The victories and vagaries of towboat culture can get into your blood, if the close-knit Western Towboat Co. clan is any indicator. With the purchase of one tug, the ND TOBEY, for $2,200 in 1948, Bob Shrewsbury launched the family-run company that now operates tugs and barges from Puget Sound to the Aleutian Islands, and throughout Southeast and Arctic Alaska along with the Hawaiian Islands and Panama Canal.
According to the company’s founder, his fascination with tugs started at age 6 in Seattle. His family lived on Magnolia Bluff near piers 40 and 41, where a towboat company based its operations.
“As a young boy I just kept looking and gazing at the tugs; then as I got older, I started hanging around and got to know the guys, and it all just grew from there.”
At 16, he made a trip to Alaska on the Richard Holyoke, hauling a load of butter to Skagway, then backhauling spruce from Ketchikan, destined for the Hughes aircraft factory. At the time, wood frames were used for military training planes. After that trip, Shrewsbury was hooked.
His enthusiasm for the business rubbed off on his two sons, Bob and Ric, on yearly tug trips to Alaska. Sixty years later, the sons run the business, having taken charge in 1981. They were eventually joined by Bob’s sons, Russ and Ross, and two of Ric’s three daughters, Lauren and Rachel. Ric’s other daughter, Kristen, followed her own siren call into publishing. Rounding out the office ambiance are family dogs, Roxie, Roo, Butch and Bailey.
Bob Shrewsbury Sr. - still known to his buddies as Captain Bob — bikes to the office every day, just to check in when he’s not enjoying the sun in Arizona.
“Well, we’re moving into the third generation and it looks like they seem to be taking to it . . . guess they had no real choice!”
Western’s overall effort is to get things done by providing improved performance, minimizing breakdowns and keeping maintenance costs low.
“Now, at our 60-year anniversary, we provide customers with one of the most modern, custom-built and -designed tug and barge fleets on the West Coast, providing competitive professional, ocean and harbor towing services,” said the younger Bob, “We are selective about our customers; it’s a complementary relationship. We value them, and they know we bring them quality and efficiencies.”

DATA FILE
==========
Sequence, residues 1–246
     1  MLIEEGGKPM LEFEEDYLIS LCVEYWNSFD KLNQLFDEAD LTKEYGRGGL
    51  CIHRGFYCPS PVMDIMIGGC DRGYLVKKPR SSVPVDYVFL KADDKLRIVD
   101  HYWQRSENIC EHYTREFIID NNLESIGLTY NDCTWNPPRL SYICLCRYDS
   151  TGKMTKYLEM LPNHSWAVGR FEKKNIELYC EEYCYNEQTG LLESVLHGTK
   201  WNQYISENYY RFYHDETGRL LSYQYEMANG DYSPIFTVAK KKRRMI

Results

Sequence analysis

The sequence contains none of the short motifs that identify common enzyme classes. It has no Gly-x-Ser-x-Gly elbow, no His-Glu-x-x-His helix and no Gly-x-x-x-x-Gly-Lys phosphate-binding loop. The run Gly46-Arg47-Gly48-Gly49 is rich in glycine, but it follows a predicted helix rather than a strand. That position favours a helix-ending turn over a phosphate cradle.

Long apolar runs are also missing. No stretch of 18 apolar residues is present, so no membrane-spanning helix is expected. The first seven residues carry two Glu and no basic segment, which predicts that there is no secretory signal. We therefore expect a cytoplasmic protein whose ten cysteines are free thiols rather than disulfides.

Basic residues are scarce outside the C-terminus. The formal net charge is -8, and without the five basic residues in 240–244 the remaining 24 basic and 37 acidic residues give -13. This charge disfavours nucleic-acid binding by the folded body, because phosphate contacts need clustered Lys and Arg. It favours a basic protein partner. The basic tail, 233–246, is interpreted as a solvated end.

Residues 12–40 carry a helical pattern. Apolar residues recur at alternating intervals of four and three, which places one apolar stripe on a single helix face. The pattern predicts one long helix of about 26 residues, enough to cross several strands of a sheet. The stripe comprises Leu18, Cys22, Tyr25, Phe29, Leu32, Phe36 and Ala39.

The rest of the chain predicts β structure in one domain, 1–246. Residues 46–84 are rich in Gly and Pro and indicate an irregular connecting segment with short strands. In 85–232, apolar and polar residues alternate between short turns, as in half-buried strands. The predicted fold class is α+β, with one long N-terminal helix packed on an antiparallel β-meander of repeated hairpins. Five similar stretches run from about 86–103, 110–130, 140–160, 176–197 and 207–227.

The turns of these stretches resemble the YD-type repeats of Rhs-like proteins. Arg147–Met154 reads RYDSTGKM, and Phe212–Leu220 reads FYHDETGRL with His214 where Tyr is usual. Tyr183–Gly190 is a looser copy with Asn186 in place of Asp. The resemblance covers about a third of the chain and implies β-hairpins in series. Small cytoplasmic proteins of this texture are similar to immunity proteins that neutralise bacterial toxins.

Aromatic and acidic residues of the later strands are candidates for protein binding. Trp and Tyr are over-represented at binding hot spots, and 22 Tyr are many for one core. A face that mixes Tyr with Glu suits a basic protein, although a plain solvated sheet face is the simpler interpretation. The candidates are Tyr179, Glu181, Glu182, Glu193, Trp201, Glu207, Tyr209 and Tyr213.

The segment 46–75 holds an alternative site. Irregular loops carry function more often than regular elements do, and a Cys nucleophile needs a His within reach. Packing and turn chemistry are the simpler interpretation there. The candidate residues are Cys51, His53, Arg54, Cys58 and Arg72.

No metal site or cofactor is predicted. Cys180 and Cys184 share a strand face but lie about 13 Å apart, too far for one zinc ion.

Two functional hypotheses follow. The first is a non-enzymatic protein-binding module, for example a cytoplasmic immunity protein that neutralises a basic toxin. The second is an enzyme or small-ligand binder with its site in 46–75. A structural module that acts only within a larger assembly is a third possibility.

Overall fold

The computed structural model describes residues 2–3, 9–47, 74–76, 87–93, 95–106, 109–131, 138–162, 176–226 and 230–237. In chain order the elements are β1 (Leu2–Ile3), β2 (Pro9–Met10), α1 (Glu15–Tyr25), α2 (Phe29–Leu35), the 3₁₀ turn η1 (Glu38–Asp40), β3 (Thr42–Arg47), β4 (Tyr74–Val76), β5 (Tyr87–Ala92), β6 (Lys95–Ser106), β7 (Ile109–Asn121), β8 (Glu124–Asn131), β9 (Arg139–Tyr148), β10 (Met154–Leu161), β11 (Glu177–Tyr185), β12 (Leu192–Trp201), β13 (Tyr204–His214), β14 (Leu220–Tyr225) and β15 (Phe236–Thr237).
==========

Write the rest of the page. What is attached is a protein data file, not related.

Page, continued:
A culture of pride and polishIn the early days Bob Sr. was business agent, captain and engineer; his sons have inherited this ability to change hats as needed, reinforcing the company motto, “doing the job . . . whatever it takes.” Known as a hands-on man, Bob Sr. passed his work ethic and sense of pride on to his sons, and it pervades the organization today, whether at the company helm or on board the tugs.
Western’s tugs are maintained more like yachts than workboats. The easily recognizable blue, yellow and white vessels are a clear reflection of company pride.
“There’s a friendly competition between crews for best boat,” said the senior Shrewsbury. “They are so well maintained that the aluminum floors and all the stainless steel are shiny with pride, right down to eat-off-the-deck clean galley floors!”
Equal care is taken on the construction side of the business. Each vessel built at Western Towboat specifically meets each client’s requirements. “We build it all ourselves. In 1982 we decided we had to do better than buy old boats. That’s part of what makes us unique;” said Bob, “we build for the job with input from the customer.”
“We are persnickety about our equipment,” echoed Ric Shrewsbury, “and our craftsmen produce some of the finest boats available.”
The Mighty Titans